A Quote by Stephen Levine on buddhism, life, movies, and truth
Examining "Who am I" is like beginning to go to the movies just to see
how the movie is made. As we first sit down in the dark theater we find that we are relating to the objects of the melodrama, the motion on the screen. We pay attention to the story line, which we notice is like the contents of the mind, allowing it to unfold as it will without judgment or the least interference. As we focus our attention on the process, we begin to see that frames that constitute film are like separate thoughts; then we begin to recognize the process buy which the images are produced, and it breaks our enthrallment with the story line. We notice that ll the activity is just a projection on a blank screen. That all these figures dancing before us are an illusion produced by light passing through various densities onthe film. We see the film is like our conditioning, a repetitious imprint of images gone by. We see that the whole melodrama is a passing show of motion and change ... We discover that all we imagined ourselves to be — all our becomiung, our memory, all the contents of mind — is just old film running off. The projectionist has died. "Who am I?" can't be answered. We cannot know the truth. We can only be it. Constantly living life in the past tense, rummaging through consciousness to decide who and what we are, the truth is obscured. The truth cannot be discovered in the contents of the mind. Only the untruth of false identification can be uncovered. Going beyond the false, the truth is revealed.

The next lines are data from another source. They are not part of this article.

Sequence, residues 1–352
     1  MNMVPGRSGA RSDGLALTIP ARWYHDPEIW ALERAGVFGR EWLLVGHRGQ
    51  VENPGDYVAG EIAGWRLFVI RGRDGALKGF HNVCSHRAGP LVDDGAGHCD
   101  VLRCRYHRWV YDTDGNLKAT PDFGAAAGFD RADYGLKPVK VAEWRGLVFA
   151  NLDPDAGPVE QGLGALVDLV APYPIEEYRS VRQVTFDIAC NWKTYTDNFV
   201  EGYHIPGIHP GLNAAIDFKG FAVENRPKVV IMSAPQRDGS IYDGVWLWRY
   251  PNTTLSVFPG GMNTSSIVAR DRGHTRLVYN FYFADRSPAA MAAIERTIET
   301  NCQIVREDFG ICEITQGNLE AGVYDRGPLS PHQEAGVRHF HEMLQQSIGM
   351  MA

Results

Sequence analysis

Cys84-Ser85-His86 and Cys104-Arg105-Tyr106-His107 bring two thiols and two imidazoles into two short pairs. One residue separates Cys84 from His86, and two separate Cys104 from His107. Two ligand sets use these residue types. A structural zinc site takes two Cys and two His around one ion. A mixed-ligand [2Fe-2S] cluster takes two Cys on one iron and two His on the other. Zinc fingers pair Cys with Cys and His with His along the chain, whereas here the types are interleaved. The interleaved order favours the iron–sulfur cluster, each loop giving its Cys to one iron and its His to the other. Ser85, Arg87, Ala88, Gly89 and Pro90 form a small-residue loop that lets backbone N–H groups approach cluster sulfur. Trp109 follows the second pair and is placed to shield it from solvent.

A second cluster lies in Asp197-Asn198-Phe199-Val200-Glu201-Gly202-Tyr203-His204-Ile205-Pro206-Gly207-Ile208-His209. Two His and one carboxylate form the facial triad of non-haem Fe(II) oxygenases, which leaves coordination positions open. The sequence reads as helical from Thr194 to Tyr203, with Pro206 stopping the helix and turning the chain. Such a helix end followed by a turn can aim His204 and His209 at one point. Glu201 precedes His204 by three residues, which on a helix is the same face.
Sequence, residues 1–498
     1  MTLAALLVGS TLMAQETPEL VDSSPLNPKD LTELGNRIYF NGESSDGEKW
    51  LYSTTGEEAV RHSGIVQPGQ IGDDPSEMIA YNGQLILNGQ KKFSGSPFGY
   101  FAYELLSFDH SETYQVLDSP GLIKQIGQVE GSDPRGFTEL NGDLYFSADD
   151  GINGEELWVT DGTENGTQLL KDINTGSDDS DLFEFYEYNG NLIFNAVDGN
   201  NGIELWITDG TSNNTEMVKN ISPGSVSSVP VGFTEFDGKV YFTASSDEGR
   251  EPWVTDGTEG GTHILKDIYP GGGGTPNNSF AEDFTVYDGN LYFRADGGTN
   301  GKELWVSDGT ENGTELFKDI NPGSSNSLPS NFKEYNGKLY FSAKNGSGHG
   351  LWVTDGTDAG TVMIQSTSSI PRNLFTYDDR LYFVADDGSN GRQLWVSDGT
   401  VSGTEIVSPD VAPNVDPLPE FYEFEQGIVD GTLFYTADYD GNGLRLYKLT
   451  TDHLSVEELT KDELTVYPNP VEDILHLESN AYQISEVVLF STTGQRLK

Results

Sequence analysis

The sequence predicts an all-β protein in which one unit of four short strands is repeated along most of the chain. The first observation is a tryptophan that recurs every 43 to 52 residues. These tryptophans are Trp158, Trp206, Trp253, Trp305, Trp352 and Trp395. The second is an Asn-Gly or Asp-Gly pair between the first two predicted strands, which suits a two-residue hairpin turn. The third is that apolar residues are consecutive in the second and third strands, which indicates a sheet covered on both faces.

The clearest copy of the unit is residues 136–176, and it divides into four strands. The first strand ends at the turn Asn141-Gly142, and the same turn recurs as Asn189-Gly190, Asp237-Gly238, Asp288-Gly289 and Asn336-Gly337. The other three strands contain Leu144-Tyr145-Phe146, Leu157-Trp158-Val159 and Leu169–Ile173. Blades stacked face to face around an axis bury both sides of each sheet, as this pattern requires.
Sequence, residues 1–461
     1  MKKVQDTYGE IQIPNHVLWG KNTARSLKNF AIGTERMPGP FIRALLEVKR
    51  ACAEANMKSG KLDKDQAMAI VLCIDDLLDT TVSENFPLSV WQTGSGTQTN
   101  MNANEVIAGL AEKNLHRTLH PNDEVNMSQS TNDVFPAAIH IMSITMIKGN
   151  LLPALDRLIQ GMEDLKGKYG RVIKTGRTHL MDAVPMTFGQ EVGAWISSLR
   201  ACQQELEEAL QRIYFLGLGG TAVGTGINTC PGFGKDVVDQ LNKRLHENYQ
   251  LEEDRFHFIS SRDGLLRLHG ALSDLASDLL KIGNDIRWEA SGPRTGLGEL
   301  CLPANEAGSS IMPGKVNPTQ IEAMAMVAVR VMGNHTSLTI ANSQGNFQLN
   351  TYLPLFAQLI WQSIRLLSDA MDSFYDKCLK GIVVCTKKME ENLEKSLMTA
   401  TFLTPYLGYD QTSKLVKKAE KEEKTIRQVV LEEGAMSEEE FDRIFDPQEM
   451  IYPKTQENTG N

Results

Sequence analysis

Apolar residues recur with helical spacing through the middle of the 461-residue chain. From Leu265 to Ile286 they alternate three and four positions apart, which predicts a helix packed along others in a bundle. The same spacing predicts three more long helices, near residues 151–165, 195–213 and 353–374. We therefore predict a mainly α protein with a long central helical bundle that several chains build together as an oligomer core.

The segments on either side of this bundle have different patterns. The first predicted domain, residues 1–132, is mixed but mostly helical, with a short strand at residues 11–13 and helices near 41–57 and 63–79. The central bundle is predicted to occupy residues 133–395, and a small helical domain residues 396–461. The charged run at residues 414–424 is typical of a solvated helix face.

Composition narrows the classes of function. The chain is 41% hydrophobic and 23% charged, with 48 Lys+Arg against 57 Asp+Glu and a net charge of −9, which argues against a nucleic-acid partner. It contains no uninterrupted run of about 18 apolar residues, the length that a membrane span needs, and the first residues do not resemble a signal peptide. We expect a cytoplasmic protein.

Source: Who Dies?
Contributed by: gary